And what brings you to the mansion on this glorious day? This past weekend, April 16th and 17th, were two Spring days that embodied the essence of the “budding” season and were a perfect reason to be on the Lyndhurst estate grounds in Tarrytown, NY. It was also the annual Lyndhurst Family Fun Day which showcases the creative works of all emerging, and in some cases well-established, LEGO masters aged 5 to 72. What an amazing opportunity for mostly children to participate as exhibitors and viewers of LEGO construction art. The Lyndhurst mansion, a 19th c. gothic-revival gem, is part of the National Trust for Historic Preservation and one of the most exquisite sites in the Hudson Valley. My personal history with the Lyndhurst property goes back at least 25 years, when I first attended the bi-annual Crafts at Lyndhurst, usually held in September and May; the summer concerts; the Rose Garden show; the lectures in the Carriage House, and even an occasional Kennel Club Dog Show. I always sensed something magical about the estate and I am now beginning my second year as a volunteer and potential docent. It’s rewarding for me to contribute and be a part of the landscape I find inspirational and refreshingly spiritual.
The little plastic interlocking LEGO blocks offer endless visual and engineering
opportunities as well as challenges for children to explore and create. My monitoring assignment inside the mansion allowed me to observe and protect these little plastic constructions from possible destruction as 2 to 4 foot high viewers were compelled to handle them. The Lyndhurst curators of this event deserve enormous credit for conceiving this juxtaposition of the classical ornamental antiquity of the mansion as a backdrop stage for these petite plastic new assemblies. It was quite an incongruous meeting of OLD and NEW and YOUNG and OLD. As this was “Family Fun Day,” it was wonderful to see how many families had children who were “constructionists,” but who also introduced their kids to this exhibit in the environs of a historically preserved landmark. I was impressed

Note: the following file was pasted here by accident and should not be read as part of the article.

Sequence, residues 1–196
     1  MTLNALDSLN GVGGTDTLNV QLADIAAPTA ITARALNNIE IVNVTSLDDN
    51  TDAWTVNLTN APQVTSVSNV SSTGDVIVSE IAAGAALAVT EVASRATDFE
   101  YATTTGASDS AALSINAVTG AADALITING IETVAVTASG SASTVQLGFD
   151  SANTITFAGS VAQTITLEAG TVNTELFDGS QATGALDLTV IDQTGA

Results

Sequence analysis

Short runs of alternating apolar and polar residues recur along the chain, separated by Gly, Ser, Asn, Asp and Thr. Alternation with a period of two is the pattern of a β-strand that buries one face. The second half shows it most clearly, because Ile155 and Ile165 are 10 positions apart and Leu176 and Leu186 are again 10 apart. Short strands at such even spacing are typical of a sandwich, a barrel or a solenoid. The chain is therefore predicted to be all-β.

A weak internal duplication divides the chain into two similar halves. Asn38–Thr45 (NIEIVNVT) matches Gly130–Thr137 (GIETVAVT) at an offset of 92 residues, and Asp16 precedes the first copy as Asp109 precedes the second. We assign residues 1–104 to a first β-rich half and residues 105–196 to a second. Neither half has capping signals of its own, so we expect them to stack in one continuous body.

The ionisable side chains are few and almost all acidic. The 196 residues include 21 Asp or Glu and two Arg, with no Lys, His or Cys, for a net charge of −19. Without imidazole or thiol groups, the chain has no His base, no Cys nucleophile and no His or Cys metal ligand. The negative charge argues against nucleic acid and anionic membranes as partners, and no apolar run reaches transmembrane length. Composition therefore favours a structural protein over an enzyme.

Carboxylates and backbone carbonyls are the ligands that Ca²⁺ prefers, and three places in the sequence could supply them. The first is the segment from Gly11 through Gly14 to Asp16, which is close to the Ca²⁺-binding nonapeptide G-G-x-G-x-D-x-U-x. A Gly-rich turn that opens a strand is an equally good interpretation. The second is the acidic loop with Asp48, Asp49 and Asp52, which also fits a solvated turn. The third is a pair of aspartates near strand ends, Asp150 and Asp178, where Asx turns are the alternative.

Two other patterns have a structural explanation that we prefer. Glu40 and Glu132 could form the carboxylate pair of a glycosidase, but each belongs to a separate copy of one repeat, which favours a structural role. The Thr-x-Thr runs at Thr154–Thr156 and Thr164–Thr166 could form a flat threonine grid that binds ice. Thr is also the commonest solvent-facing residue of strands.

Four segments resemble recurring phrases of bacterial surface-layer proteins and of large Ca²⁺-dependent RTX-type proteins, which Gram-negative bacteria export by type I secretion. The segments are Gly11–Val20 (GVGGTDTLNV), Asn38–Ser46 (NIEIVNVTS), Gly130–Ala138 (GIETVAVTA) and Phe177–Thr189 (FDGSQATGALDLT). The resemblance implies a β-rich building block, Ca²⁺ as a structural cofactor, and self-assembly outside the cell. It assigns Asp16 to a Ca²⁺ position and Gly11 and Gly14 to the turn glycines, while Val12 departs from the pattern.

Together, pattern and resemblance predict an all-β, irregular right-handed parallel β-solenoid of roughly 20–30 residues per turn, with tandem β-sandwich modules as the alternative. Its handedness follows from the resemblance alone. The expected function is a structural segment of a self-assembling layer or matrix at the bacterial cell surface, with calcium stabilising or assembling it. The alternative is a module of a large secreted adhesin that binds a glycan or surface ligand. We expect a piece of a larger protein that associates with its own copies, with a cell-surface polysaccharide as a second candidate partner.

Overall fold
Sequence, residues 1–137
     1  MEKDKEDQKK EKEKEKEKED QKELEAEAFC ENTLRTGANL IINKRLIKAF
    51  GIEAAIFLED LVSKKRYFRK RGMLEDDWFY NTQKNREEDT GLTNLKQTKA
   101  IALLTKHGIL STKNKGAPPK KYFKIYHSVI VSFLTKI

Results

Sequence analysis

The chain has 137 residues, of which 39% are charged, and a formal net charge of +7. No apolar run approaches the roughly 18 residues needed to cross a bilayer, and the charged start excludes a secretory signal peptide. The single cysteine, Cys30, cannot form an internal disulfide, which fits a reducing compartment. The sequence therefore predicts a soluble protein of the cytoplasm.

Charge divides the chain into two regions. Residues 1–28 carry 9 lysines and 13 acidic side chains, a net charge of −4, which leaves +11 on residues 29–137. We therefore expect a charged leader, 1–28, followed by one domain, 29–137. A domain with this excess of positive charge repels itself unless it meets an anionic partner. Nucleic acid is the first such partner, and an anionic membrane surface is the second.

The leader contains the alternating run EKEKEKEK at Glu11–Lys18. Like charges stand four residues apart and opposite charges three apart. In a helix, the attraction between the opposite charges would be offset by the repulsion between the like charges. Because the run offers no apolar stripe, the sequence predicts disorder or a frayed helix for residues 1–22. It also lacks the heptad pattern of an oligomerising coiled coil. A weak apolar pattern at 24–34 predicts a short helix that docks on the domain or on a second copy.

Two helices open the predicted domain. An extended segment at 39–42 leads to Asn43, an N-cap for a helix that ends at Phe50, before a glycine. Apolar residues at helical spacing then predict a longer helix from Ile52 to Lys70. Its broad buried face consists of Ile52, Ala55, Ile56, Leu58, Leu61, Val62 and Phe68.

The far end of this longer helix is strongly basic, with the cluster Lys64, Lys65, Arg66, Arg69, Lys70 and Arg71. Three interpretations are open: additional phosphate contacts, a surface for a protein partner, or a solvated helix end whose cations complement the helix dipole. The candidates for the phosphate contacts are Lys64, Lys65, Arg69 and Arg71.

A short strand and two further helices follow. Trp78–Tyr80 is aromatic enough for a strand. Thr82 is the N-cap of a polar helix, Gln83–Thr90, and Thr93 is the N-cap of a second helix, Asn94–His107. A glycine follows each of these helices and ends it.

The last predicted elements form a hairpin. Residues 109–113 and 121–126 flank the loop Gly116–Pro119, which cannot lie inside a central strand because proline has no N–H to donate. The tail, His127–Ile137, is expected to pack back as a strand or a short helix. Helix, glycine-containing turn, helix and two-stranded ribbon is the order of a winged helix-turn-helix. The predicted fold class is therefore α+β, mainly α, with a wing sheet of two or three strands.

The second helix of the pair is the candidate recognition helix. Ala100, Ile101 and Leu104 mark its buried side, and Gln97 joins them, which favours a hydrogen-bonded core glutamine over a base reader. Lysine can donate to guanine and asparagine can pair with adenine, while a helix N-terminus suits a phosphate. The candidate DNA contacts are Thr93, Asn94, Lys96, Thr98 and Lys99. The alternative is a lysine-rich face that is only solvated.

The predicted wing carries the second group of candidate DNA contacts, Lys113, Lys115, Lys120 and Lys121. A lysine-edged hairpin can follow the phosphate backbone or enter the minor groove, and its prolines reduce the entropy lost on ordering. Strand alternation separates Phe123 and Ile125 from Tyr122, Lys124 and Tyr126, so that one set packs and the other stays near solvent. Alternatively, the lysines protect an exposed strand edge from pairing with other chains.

to see the many ethnicities and varying nationalities of the families who attended this exhibition with gusto; and their awesome appreciation of the interiors of the house as well as the displayed creations. On the whole, these parents took advantage of a ‘beautiful day at the mansion.’
One very imaginative and abstract LEGO piece entitled “Brainstorming,” stood out among the recognizable edifices and array of multi-purpose vehicles. I respectfully requested clarification of the unrecognizable random forms with “eyes” from the single-digit creator, and received, with assistance from her Mom, a very technical explanation. I shall attempt to paraphrase my interpretation of her description: “Brainstorming” was about finding channels, i.e., entranceways, to corruptive sites and structures in the brain – pretty heavy - but what a
concept! I should also mention that the father of this child was a neuroscientist. It was evident that there was much parental guidance and/or participation in these LEGO projects. And to the other extreme, across the hall, settled on the entire expanse of a marble radiator cover, was a magnificent collection of shrines of an Eastern Indian appearance. The master engineer, who admitted his age to be 72, said he collaborated with his 5 year old grandchild. The designer proudly posed for me next to his exhibit and also explained that all the temples housed independent deities of Hindu origin, there was also one church (one God).
The primary colors and basic plastic palette of the LEGO bricks had their day in the grandeur of the manse with its subdued Victorian shades enriched with elegant gold, bronze, mahogany and marble. It was a day of OLD and NEW.